Report: Differences in Regional Medicare Part D Expenditures Mostly Due to Cost Per Prescription

Posted 28 February 2012 | By

Differences in the regional cost of Medicare Part D plans have long confounded health economists, even if their basic causes are generally known. A new study by the RAND Corporation published in the New England Journal of Medicine claims to have isolated those basic causes and determined their respective effects on price differences.

RAND analyzed the Medicare claims data of 4.7 million beneficiaries using three popular drug categories-statins, antidepressants and statins. Beneficiaries were adjusted for demographic, socioeconomic and health-status differences.

The difference between the highest-cost plans ($3,008) and the lowest-cost plans ($2,413) were attributed to:

  • Cost per prescription (75.9% of variance)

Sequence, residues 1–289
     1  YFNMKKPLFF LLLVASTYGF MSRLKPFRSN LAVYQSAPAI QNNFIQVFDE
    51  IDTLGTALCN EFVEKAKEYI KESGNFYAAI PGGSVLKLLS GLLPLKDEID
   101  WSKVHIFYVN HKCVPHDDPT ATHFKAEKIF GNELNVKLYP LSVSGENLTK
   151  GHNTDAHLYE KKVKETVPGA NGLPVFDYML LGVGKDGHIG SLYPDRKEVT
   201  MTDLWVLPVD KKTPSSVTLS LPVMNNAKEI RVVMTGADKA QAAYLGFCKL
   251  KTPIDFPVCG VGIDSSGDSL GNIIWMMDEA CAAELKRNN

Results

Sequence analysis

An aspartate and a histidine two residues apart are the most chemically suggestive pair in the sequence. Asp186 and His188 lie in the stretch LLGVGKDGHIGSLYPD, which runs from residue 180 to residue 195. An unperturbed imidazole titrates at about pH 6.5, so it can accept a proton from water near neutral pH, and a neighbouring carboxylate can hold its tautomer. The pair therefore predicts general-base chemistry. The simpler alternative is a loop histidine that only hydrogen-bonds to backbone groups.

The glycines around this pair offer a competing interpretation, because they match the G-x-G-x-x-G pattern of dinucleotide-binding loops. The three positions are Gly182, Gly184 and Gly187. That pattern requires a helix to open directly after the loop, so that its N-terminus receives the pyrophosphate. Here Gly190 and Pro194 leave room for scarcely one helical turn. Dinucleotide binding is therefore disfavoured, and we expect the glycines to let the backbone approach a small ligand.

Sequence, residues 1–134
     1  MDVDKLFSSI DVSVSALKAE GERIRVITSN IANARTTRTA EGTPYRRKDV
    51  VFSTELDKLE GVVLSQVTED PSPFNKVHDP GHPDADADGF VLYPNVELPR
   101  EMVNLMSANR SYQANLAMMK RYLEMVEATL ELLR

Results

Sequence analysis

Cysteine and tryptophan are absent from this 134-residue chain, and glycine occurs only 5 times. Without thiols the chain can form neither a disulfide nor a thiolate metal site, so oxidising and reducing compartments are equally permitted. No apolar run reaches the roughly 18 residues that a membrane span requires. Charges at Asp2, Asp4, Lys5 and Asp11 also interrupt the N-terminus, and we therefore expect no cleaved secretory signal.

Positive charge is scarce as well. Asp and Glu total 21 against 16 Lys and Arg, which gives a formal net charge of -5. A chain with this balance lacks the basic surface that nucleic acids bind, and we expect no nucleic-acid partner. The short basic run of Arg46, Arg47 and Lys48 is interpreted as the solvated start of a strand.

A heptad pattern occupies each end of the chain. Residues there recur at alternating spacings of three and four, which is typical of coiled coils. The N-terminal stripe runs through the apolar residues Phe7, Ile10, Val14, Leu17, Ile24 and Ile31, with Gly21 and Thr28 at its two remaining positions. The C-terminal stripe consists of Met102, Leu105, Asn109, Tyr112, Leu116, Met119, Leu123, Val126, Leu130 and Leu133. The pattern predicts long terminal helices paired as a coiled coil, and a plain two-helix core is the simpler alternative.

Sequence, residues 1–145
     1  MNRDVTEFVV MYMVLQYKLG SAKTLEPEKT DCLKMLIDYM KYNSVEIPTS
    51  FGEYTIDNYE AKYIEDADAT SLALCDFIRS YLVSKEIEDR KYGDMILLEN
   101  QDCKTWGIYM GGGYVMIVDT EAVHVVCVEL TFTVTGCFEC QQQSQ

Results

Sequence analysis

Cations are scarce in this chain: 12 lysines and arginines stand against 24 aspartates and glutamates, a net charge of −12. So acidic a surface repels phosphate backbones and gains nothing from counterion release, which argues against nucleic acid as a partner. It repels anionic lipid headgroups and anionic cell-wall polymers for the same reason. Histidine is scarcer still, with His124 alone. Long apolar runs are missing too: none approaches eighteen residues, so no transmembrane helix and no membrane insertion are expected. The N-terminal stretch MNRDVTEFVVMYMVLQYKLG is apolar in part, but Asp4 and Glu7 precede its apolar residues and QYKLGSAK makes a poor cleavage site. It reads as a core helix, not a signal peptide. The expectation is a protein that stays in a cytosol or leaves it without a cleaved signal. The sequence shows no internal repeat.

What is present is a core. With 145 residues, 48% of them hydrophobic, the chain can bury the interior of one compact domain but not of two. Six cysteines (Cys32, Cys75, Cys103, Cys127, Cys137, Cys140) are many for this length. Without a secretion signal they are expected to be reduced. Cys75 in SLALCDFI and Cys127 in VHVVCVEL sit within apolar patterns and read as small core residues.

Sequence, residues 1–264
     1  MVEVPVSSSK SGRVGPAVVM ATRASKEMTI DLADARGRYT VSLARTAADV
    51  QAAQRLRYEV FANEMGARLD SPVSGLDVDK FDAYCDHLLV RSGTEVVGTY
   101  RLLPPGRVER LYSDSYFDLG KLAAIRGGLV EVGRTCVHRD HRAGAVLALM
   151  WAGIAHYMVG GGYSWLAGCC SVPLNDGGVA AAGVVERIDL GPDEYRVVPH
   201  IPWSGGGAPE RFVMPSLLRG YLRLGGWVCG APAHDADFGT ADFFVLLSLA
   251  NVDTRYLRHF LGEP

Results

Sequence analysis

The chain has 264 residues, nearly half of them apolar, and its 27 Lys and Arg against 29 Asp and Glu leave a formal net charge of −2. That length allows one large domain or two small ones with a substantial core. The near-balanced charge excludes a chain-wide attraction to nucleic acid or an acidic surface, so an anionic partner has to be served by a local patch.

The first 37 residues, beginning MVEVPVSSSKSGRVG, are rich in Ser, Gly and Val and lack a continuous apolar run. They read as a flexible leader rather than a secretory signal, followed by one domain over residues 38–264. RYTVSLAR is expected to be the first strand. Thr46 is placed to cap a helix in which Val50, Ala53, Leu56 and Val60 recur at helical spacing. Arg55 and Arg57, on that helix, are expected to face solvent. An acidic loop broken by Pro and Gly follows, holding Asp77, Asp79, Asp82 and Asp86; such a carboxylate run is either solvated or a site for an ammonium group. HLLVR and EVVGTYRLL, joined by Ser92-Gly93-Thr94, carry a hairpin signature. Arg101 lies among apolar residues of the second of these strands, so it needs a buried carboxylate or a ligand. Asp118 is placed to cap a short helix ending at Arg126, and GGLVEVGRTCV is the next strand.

• Differences in volume of use (24.1% of variance)

"Although it is unclear what rate of branded-drug use among Medicare beneficiaries would be preferable, our finding that branded-drug use differed by a factor of almost two across regions provides a signal of potentially wasteful prescribing in some regions," wrote the study's authors. "We estimate that the Medicare program and beneficiaries would have saved $4.5 billion if branded-drug use in all HRRs had been similar to that in the lowest quintile."

Read more:

RAND - Sources of Regional Variation in Medicare Part D Drug Spending

NEJM - Sources of Regional Variation in Medicare Part D Drug Spending


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